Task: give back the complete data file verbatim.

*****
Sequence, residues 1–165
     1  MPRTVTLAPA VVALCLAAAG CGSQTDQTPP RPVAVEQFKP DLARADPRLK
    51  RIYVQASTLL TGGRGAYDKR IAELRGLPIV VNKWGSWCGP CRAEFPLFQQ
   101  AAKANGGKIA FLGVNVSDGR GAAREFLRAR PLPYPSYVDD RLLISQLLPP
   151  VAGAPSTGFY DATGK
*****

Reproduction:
Sequence, residues 1–165
     1  MPRTVTLAPA VVALCLAAAG CGSQTDQTPP RPVAVEQFKP DLARADPRLK
    51  RIYVQASTLL TGGRGAYDKR IAELRGLPIV VNKWGSWCGP CRAEFPLFQQ
   101  AAKANGGKIA FLGVNVSDGR GAAREFLRAR PLPYPSYVDD RLLISQLLPP
   151  VAGAPSTGFY DATGK